On the heels of her husband's State of the Union speech, first lady Michelle Obama rallied supporters around a cause of her own Wednesday -- her love of the Oscar-nominated film "Beasts of the Southern Wild."
"We're glad you're here today to watch what I consider to be one of the most powerful and important movies that has been put out this year," Obama told a group of middle- and high-school students from New Orleans and Washington, D.C., who visited the White House to view the film.
"It's a movie that makes us all think deeply about the people we love in our lives who make us who we are. It shows us the strength of our communities, no matter what they look like," she went on to say. "It shows us that those communities can give us the power to overcome any kind of obstacles. And it also tells a compelling story of poverty and devastation, but also of hope and love in the midst of some great challenges."
But the first lady's admiration of "Beasts" wasn't just about the heartwarming characters in the film -- a little girl named Hushpuppy and her father, Wink, living in the Louisiana bayou during a hurricane -- but about the real-life Cinderella story of the actors who portrayed them.
"I don’t know if you all know the story -- the world knows it -- but Dwight never acted a day in his life. Never. Not one -- no plays, no pageants, no nothing," Obama said of baker-turned-actor, Dwight Henry, who played the role of Wink.
His story, Obama said, serves as an example of the adage "luck is what happens when preparation meets opportunity."
"When they asked him to play the role of Wink, he had to think long and hard about it because he didn’t have the experience. But in the end, he decided to take the risk. And now, he is headed to the Oscars. I mean, imagine. That’s what happens in America when you're ready for stuff," she said, later encouraging the students to make sure they, too, are prepared.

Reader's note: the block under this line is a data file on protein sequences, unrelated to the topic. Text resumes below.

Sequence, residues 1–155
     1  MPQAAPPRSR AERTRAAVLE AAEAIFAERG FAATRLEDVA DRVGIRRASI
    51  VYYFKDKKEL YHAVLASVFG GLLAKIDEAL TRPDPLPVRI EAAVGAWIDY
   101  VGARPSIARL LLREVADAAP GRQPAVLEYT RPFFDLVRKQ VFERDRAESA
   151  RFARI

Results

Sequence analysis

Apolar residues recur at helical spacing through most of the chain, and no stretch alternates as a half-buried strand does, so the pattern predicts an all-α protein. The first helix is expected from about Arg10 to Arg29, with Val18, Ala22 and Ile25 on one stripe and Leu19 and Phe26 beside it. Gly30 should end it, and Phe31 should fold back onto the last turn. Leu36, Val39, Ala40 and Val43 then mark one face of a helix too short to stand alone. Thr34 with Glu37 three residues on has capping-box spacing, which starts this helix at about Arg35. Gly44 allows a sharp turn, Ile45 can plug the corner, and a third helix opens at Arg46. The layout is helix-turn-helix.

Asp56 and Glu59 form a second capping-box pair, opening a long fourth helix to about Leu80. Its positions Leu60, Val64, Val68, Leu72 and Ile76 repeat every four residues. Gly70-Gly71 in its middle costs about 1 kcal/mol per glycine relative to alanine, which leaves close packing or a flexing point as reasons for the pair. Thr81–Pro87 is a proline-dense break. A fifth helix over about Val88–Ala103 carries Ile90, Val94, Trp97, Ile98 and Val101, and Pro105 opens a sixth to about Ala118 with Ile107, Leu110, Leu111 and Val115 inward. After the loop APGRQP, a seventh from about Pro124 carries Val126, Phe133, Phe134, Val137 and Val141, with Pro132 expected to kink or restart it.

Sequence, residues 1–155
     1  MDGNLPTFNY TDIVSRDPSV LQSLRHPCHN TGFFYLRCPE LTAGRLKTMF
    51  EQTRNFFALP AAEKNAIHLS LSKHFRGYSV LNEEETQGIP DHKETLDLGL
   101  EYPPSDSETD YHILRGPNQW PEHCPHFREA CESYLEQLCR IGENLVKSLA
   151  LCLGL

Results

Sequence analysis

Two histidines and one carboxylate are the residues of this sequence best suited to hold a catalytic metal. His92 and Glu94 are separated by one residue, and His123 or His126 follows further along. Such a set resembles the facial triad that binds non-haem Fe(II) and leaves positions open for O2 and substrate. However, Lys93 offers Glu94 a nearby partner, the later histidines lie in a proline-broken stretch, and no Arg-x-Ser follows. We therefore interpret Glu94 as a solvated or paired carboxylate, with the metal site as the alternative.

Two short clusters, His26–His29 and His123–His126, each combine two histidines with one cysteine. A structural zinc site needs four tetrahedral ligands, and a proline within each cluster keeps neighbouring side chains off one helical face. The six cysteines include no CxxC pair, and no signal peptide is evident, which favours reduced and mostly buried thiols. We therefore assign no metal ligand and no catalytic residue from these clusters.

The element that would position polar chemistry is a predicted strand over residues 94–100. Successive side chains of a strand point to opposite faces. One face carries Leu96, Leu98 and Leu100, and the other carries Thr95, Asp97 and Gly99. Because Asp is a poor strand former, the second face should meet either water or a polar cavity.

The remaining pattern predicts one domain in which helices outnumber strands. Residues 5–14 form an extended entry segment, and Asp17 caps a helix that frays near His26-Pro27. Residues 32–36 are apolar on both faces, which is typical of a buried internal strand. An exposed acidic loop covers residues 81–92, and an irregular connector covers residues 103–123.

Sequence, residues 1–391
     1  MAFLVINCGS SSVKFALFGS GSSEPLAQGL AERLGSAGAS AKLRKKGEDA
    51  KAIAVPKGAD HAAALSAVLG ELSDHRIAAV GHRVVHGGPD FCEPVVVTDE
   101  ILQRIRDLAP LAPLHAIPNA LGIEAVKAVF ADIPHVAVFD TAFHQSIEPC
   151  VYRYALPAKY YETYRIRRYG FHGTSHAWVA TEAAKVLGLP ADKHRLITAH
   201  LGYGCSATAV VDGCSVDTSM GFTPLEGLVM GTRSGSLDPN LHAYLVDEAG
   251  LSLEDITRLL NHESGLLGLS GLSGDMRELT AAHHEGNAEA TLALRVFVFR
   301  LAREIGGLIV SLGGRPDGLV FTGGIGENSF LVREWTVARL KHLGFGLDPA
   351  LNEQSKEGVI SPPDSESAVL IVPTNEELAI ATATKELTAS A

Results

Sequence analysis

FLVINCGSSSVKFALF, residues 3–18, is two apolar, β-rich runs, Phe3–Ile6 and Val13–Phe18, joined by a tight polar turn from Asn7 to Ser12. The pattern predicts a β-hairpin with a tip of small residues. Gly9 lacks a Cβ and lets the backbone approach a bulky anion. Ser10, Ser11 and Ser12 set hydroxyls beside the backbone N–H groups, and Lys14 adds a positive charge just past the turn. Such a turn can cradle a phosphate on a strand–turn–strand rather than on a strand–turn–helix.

"You all have to really be focused on preparing yourselves for the challenges and the opportunities that will lie ahead for all of you. You've got to be prepared."
For the first lady of the United States, that means having a vision and getting up everyday with a determination to achieve it.
"Every day I'm thinking about who I want to be and what I have to do every day; what kind of person I have to be, how honest and truthful and hardworking I have to be to achieve that image," she said.
"Beasts" stars Henry and Quvenzhané Wallis agreed, detailing their rise to the spotlight and the highs and lows they experienced producing the film. Wallis, who was only 5 years old when she auditioned and 6 when she played the role of Hushpuppy, is now the youngest-ever actress nominated for an Academy Award, one of four for the film, including Best Picture, Best Director, Best Adapted Screenplay and Best Actress.
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Ivan Jandl, Age 11: Academy Juvenile Award (Honorary Oscar) (1948)
Keisha Castle-Hughes, Age 13: Best Actress nominee for "Whale Rider" (2003)
[PHOTO: Laura Rauch, AP]
Saoirse Ronan, Age 13: Best Supporting Actress nominee for"Atonement" (2007)
Hailee Steinfeld, Age 14: Best Supporting Actress nominee for "True Grit" (2010)
Jodie Foster, Age 14: Best Supporting Actress nominee for "Taxi Driver" (1976)
Hayley Mills, Age 14: Academy Juvenile Award (Honorary Oscar) (1960)
Patty Duke, Age 16: Best Supporting Actress winner for "The Miracle Worker" (1962)
Jack Wild, Age 16: Best Supporting Actor nominee for "Oliver!" (1968)
River Phoenix, Age 18: Best Supporting Actor nominee for "Running On Empty" (1988)
Leonardo DiCaprio, Age 19: Best Supporting Actor nominee for "What's Eating Gilbert Grape" (1993)
Jennifer Lawrence, Age 20: Best Actress nominee for "Winter's Bone" (2010)
[PHOTO: Matt Sayles, AP]
Timothy Hutton, Age 20: Best Supporting Actor winner for "Ordinary People" (1980)
Isabelle Adjani, Age 20: Best Actress nominee for "The Story of Adele H." (1975)
Keira Knightley, Age 20: Best Actress nominee for "Pride & Prejudice" (2005)
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[PHOTO: Kevork Djansezian, AP]